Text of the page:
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United States Department of Agriculture

Agricultural Research Service

Research Project: Genetic Enhancement of Sorghum as a Versatile Crop

Location: Plant Stress and Germplasm Development Research

Title: Enhancement of cold tolerance in sorghums

Authors
item Burow, Gloria
item Burke, John
item Xin, Zhanguo
item Hayes, Chad
item Huang, Yinghua
item Tesso, Tesfaye -

Submitted to: Meeting Proceedings
Publication Type: Proceedings
Publication Acceptance Date: August 28, 2013
Publication Date: August 28, 2013
Citation: Burow, G.B., Burke, J.J., Xin, Z., Hayes, C.M., Huang, Y., Tesso, T. 2013. Enhancement of cold tolerance in sorghums. 2013 Sorghum Improvement Conference of North America, August 28-30, 2013, Lubbock, Texas. p. 22.

Technical Abstract: Sorghum is a warm season crop that originated from the hot and dry regions of Africa and generally lacks cold tolerance during germination and reproductive stages. Thus sorghum is conventionally planted later in the season preventing farmers from utilizing spring moisture, disposing the crop to competitive disadvantages with other cereal/field grown agronomic crops and compressing growing season for realizing higher yield potential of cultivars. This project focuses on screening and characterization of resilient untapped genetic diversity for cold tolerance in sorghum, conducting pre-breeding and genetic studies to develop cold tolerant germplasm that will support the requirements of the sorghum industry/ producers for excellent stand establishment at an earlier period of sowing and for longer growth duration with reproductive stage tolerance to cool conditions. A key accomplishment of this project include the development of 3 recombinant inbred (RI) population resources and assemblage of top performing lines concurrent with distribution of these new germplasm to sorghum research community. Additionally, the completion of genetic and phenotypic characterization of the BTx623xPI567946, one of the 3 strategic populations developed for combining germinability and seedling vigor under cool (54-56 F) soil condition was achieved.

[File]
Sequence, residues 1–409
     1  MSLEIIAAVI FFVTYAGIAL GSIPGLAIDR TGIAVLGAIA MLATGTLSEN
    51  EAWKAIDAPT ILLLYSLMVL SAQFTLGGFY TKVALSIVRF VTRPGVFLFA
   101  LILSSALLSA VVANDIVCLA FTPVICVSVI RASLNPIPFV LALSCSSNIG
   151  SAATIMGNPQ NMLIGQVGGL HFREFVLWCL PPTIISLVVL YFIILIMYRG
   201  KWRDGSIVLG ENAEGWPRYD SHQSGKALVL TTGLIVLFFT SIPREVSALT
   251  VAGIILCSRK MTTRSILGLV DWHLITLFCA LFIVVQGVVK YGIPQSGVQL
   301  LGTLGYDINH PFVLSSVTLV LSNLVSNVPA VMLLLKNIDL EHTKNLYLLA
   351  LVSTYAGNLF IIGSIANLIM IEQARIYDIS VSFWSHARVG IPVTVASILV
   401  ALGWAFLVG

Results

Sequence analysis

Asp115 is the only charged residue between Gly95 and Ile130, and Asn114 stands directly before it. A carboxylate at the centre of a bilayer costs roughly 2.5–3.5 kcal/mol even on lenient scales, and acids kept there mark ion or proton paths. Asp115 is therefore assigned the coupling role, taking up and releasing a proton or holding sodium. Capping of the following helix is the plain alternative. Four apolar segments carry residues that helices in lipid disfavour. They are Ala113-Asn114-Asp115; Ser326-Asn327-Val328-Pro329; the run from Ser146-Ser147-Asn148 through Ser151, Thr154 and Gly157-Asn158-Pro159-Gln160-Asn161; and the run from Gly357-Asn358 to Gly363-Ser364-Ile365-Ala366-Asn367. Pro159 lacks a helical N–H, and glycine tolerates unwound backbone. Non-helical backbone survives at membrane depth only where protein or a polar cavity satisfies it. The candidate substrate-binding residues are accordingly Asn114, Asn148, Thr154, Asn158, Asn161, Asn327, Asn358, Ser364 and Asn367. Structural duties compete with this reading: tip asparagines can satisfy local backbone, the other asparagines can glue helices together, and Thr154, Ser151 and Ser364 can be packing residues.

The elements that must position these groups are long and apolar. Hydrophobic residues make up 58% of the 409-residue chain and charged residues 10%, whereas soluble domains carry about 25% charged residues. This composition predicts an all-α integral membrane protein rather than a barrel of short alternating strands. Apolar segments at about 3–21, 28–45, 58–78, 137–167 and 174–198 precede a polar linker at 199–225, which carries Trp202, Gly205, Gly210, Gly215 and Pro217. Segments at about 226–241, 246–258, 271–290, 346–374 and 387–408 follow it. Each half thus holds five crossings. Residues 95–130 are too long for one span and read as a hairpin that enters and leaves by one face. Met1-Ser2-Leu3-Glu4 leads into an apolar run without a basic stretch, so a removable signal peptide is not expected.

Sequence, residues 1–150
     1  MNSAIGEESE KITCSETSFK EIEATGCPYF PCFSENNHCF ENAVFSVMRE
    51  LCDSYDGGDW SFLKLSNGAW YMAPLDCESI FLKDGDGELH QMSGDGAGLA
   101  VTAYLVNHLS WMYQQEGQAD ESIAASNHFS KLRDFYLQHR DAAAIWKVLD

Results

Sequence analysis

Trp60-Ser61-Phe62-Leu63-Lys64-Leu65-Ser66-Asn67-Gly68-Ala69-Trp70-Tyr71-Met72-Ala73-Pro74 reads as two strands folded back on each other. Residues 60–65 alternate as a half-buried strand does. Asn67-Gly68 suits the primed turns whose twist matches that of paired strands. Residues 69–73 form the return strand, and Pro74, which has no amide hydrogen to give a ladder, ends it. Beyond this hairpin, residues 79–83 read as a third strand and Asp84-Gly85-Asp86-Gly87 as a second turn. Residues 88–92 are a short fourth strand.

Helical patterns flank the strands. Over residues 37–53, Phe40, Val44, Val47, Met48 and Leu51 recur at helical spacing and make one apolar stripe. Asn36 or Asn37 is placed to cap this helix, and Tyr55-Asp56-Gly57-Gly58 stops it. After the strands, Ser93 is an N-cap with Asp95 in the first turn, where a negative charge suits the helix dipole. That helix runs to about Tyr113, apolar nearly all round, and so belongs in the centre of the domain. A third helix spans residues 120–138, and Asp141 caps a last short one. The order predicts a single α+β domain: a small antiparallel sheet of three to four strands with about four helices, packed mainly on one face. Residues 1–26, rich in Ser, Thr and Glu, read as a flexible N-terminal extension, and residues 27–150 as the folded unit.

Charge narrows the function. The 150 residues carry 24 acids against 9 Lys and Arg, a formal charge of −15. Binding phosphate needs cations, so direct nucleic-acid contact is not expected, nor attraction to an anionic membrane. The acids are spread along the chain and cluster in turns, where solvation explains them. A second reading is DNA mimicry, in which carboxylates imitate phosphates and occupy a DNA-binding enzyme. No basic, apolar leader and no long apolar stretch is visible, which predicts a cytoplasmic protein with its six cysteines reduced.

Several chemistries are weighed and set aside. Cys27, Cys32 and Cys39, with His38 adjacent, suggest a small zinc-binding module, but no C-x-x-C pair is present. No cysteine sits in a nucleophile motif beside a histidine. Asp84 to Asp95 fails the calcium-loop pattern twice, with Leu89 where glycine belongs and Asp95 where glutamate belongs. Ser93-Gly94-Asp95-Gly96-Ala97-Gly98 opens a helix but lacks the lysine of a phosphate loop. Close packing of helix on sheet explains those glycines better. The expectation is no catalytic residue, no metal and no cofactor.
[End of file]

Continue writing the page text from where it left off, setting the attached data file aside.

Last Modified: 4/20/2014